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Dan Rubin's SuperfluousBanter

Suffering from chronic idiocy since 1977

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Email Doesn’t Scale

I’ve been want­ing to write about my prob­lems with email for a while now, but keep com­ing up short when it comes to explain­ing exactly why it fails for me. That is, until read­ing Tantek’s lat­est on the subject:

I’m prob­a­bly respond­ing to less than 1 in 10 emails that are sent directly to me, even fewer of those that are sent to a set of peo­ple or a list. The usabil­ity of email for me has dete­ri­o­rated so much that I exclaimed on Twit­ter recently: EMAIL shall hence­forth be known as EFAIL.”

He goes on to explain his thoughts on why point to point com­mu­ni­ca­tions do not scale, and how emails in gen­eral are becom­ing too bloated (the lack of a sin­gu­lar focus in many emails I receive def­i­nitely impacts my like­li­hood of respond­ing), as well as how 1:many or 1:all medi­ums are supe­rior to 1:1 meth­ods (e.g. email). This is exactly what I’ve been try­ing to fig­ure out how to say.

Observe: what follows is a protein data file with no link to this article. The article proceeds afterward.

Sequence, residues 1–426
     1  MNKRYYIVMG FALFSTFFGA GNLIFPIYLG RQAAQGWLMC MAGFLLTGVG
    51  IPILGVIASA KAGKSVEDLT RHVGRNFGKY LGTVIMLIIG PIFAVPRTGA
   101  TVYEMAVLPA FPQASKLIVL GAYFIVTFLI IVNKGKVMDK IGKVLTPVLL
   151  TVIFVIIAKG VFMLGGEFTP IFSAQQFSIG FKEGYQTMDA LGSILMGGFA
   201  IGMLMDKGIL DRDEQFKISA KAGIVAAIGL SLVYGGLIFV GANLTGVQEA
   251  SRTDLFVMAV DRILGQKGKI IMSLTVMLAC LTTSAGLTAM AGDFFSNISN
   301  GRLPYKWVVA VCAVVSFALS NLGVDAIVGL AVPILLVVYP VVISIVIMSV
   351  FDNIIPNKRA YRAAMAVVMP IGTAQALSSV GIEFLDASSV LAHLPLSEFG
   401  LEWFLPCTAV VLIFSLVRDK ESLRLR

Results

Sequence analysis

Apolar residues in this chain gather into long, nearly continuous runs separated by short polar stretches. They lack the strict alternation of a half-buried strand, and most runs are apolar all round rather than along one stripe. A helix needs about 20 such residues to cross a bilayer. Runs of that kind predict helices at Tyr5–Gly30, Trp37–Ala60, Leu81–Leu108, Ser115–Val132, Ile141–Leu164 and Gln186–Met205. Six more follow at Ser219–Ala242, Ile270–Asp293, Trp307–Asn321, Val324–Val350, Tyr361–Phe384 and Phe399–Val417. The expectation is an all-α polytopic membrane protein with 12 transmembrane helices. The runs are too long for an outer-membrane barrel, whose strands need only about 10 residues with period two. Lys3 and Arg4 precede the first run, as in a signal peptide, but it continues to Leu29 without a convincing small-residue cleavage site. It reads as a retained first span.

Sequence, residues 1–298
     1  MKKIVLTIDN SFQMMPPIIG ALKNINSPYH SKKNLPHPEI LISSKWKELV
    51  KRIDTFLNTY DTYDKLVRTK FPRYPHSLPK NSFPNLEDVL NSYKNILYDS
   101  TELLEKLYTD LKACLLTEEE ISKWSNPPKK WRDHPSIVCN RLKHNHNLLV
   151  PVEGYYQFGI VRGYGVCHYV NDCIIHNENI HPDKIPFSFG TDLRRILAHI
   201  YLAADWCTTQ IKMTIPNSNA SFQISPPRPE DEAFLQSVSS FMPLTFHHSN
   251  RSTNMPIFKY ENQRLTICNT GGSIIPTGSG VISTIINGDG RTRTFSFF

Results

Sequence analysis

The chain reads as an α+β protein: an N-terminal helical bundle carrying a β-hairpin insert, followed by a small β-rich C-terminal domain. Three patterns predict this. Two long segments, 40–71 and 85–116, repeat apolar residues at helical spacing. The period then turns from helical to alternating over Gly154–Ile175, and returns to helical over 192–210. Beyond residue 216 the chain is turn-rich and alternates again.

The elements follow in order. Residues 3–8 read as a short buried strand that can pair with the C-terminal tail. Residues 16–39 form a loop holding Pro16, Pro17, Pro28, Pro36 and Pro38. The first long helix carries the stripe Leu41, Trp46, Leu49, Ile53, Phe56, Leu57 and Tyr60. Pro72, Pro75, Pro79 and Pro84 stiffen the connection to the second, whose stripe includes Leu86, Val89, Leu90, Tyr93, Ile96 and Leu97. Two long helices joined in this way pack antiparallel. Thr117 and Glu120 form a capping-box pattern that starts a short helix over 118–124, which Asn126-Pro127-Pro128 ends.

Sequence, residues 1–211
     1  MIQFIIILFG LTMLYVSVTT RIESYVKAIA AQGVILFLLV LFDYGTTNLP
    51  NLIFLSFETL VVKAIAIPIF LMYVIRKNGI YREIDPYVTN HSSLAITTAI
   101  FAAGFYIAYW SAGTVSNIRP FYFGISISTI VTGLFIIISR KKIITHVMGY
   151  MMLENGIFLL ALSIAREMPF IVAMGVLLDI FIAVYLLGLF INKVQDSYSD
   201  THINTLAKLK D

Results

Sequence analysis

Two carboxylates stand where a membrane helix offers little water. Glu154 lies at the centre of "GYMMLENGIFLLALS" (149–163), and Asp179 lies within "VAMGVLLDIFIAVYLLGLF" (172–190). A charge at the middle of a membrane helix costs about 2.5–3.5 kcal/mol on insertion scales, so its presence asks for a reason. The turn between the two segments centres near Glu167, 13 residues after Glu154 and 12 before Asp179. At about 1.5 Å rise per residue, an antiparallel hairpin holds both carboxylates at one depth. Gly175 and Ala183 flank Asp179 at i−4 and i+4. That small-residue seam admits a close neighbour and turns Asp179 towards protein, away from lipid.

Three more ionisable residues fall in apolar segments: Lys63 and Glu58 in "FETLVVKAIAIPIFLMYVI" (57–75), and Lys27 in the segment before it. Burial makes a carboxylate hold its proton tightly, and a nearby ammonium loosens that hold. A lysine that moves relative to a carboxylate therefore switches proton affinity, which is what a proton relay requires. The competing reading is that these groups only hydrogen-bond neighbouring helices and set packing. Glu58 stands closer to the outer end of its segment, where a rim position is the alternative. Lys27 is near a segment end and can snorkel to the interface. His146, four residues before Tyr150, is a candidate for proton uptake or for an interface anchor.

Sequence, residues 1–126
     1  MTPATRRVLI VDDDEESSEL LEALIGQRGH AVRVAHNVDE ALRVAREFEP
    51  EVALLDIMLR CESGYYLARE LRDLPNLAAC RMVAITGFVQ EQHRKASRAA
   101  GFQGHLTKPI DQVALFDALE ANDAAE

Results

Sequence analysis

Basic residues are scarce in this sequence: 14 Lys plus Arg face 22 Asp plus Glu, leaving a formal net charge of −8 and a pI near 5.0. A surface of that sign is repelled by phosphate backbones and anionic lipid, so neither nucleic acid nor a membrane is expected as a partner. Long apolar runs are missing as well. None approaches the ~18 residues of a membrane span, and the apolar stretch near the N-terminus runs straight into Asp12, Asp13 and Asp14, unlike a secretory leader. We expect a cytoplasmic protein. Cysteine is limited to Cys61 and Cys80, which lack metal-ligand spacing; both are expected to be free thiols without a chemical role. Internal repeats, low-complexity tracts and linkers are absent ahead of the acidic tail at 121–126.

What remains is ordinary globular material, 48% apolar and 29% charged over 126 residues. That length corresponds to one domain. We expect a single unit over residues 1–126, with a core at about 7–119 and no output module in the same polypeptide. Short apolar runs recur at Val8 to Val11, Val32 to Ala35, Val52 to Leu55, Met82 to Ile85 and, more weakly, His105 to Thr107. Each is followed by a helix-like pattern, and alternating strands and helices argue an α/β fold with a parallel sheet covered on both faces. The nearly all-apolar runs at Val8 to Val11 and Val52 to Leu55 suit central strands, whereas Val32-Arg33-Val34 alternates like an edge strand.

Semi-solutions

Tan­tek cer­tainly isn’t the first to write about the the prob­lems with email — Mike Davidson’s solu­tion last year was to reduce the length and detail of replies to a spe­cific num­ber of sen­tences, but that hasn’t allowed me to make a suf­fi­cient dent in my inbox.

Sim­i­larly, Inbox Zero (a process many of my friends use to keep the noise down) just doesn’t seem to work for me. Plus, hav­ing an empty inbox won’t stop peo­ple from com­mu­ni­cat­ing with me via email when they should be using another medium.

It’s not you, it’s me

Both Inbox Zero and Sentenc.es aim to reduce the impact of the full inbox by mak­ing it eas­ier to empty on a reg­u­lar basis, but for me that doesn’t solve the prob­lem as I see it–it isn’t a mat­ter of find­ing a way to work around what email has become, it’s just that email is being used improp­erly, and I’d rather use other meth­ods of com­mu­ni­ca­tion that are more appro­pri­ate to the type and rel­e­vance of the message.

How do we fix it?